Friday, 29 May 2015

Renaissance Lute, chapter 2 - The ribs

December 2011

The first main issue, as a beginner amateur lutemaker, was to find suitable wood to build the shell. I went to the local wood dealer, and they happened to have some beams of brazilian rosewood, however not enough in one single piece. It will be two separate pieces...

The seller accepted somewhat reluctantly to bandsaw the beam into 3mm slices, but I guess it must have been the first time he was asked to do such a thing. He actually asked if I didn't prefer to purchase some very thin veneering wood... No thanks, that really wouldn't do.

The planing and scraping from 3+ mm down to 1.4mm took forever... (Today I own a machine - yet unused - to do that task!)

Naturally I needed some means to measure progress.  Those commercial callipers being so expensive, I decided I could simply buy the dial and build the rest around it. Very easy. The thumb wire-handle to lift the gauge is made out of one of those coat hangers you get from the laundry. That wire is quite stiff and works perfectly...

You might see on the next picture that the set of ribs originates from two different beams... See that difference in length? I tried to arrange the sequence such that the step between the two parts would not be noticeable...
The first rib is cut, ready to be bent!

Read next post : The shell

Friday, 22 May 2015

Renaissance Lute, chapter 1 - The Mold

The year is twenty-eleven AD. I participate to an instrument making workshop that takes place in the castle of Gruyères. In a small team of amateurs, under professionnal supervision, we build a beautiful renaissance harp. (I may come back to that some time later...) During one of the concerts of this early-music event, a lady approaches me and tells me about lending me a box containing detailed instructions to build a lute, written by some englishman, who uses all sorts of unexpected tools like sellotape, old electric irons, cooking pans, mad cow skin and toilet paper to make said lutes...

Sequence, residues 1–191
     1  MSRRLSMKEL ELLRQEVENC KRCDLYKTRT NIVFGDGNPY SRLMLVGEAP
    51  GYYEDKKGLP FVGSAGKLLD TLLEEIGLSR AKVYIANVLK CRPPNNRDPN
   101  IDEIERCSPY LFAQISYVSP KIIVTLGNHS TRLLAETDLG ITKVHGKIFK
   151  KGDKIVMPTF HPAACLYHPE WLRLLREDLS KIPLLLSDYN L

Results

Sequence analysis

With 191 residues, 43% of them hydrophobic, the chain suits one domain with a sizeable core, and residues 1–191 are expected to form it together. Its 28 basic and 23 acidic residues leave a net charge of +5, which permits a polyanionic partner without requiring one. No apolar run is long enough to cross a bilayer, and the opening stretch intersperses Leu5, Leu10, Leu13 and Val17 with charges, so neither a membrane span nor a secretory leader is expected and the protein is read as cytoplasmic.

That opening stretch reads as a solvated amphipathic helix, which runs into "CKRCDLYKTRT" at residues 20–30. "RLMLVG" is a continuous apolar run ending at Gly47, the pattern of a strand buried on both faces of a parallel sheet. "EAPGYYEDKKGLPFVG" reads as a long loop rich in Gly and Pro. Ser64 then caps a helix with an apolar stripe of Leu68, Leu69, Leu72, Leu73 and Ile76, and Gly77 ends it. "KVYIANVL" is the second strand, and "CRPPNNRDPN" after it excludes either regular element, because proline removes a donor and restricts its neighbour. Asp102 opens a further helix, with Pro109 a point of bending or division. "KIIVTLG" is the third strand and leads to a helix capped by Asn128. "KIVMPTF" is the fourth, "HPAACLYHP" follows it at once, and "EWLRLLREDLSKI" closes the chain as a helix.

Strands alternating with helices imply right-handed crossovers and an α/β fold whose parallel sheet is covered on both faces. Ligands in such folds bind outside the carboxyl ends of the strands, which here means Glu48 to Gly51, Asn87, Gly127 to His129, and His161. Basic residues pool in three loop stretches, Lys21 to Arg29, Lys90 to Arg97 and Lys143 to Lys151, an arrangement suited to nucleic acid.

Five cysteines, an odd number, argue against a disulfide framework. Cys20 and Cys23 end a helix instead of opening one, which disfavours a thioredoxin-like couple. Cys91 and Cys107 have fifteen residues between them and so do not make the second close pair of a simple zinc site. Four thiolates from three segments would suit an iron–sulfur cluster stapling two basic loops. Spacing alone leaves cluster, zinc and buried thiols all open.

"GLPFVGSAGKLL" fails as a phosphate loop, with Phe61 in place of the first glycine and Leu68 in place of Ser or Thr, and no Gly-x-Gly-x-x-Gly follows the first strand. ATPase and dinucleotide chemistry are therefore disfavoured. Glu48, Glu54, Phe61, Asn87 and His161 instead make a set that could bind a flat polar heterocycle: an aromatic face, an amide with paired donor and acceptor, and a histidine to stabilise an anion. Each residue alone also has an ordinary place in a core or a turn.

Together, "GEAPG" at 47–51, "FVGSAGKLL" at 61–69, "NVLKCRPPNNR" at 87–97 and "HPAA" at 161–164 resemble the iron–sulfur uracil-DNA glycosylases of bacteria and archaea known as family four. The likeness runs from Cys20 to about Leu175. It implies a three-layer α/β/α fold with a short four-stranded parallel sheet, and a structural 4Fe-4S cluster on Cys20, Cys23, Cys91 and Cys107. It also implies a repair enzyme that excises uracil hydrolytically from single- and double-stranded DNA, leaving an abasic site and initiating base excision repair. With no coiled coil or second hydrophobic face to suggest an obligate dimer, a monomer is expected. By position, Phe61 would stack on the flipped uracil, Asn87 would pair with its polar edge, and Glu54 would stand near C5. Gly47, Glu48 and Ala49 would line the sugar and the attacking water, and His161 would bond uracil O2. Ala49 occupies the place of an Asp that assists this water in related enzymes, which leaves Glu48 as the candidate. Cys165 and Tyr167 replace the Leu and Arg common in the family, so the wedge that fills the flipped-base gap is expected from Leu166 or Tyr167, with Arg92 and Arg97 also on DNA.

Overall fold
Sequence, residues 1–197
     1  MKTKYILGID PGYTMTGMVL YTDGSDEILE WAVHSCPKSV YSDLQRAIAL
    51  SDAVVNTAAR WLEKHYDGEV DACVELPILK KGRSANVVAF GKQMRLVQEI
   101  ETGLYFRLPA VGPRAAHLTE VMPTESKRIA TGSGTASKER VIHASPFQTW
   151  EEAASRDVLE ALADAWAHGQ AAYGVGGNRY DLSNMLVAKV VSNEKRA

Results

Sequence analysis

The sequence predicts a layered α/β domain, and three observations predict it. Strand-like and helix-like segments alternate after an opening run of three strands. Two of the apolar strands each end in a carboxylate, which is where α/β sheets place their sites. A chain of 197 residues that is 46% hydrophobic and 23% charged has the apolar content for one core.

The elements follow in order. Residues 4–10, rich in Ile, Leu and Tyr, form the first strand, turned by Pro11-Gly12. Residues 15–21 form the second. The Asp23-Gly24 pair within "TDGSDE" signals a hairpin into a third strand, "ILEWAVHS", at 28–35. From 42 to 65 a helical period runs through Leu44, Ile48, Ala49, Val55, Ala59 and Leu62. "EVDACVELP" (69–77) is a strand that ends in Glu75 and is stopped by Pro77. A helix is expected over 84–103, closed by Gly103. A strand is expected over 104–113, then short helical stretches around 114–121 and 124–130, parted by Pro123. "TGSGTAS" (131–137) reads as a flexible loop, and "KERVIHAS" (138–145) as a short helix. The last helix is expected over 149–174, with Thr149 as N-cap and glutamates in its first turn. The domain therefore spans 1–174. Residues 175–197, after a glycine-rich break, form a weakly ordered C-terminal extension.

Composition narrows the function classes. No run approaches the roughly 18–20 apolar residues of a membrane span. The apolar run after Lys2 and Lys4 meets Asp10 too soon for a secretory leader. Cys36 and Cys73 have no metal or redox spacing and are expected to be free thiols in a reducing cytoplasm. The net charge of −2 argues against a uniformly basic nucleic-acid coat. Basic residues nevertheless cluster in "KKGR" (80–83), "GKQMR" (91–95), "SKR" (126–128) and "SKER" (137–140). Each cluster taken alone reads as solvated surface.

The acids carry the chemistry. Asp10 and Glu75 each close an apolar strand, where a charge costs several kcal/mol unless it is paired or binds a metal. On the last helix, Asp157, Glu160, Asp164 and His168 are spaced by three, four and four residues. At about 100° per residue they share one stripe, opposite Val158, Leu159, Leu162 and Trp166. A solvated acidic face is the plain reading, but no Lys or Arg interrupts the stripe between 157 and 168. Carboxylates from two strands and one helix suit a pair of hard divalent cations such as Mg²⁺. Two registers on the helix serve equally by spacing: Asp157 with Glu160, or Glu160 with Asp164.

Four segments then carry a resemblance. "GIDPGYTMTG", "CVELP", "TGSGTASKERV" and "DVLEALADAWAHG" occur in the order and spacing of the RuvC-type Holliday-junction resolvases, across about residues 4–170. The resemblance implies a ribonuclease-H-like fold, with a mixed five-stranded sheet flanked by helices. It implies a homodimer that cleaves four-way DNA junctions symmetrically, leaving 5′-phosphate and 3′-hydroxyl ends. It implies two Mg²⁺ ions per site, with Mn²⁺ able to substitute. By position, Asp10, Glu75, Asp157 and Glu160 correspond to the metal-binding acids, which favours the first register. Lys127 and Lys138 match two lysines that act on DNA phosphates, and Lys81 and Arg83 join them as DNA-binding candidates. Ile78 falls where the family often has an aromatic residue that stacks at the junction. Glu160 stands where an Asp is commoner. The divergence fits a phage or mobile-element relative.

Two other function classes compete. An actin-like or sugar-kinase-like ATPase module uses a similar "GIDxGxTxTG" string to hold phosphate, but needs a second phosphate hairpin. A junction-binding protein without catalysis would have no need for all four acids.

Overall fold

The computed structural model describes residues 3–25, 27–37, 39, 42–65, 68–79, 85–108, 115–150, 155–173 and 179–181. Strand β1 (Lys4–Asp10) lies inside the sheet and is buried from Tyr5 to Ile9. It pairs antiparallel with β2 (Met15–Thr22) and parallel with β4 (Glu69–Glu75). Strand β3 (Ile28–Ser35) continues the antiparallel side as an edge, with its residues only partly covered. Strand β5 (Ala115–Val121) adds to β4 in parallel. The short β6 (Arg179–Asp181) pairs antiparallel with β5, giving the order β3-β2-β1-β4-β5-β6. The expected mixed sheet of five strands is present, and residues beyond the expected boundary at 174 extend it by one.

As I discover later on, when I actually receive the box, the englishman turns out to be David Van Edwards, who is not to be presented anymore to anyone interested in lute making. And the box is this. I read through the instructions and start to realize that the whole thing is actually doable! So I set out to find some suitable wood and assemble the missing tools. Some nine month later, it will eventually look like this :

But for the moment, all is yet to be done.
November 2011.

The first part is the construction of the mold, following the plans.
 I'm using a home-made saw to cut the curves out of the MDF, having no bandsaw at home. But it works perfectly fine.

 The mold is made of faceted ribs, to be cut out as accurately a possible.
 Once all assembled, the neck block is screwed to it and sawn to size. Mine was made of linden (basswood) as I had leftover from carving wood.

By the way, that big panel ripsaw is handmade from Two Lawyers Toolworks and works great.

I made an adapter for my photo-tripod in order to hold the lute, at any height and any tilted position. Very handy to be able to put it out of the way when needed!

Now, the actual work on the lute can begin...

Saturday, 16 May 2015

So, let's start !

Well, how to begin ? Par où commencer ?
This will be yet another web log, mostly about the late-evening woodworking that happens in a room of a city flat in Lausanne, Switzerland, after my day job as a software engineer. How exciting is that! Keep calm, and resume reading.

More specifically, this blog will serve as a replacement for my ex-website (someone bought the domaine name and turn it into an online shoe-shop... why?) and there will be things about, as said, woodworking, woodcarving, lute-making, and other-but-not-so-different things too. (I will however not say a word about the proper way to remove the curve from a banana, nor about how to put toothpaste back into the tube).

The focus shall remain set on the usage of traditionnal hand-tools, as opposed to noisy and dusty power-tools.

So, I officially beak a virtual champagne bottle on this log and declare it open.

I hope you'll enjoy the visit, and please leave an occasional message if you feel like it!

Read next post : Starting the renaissance lute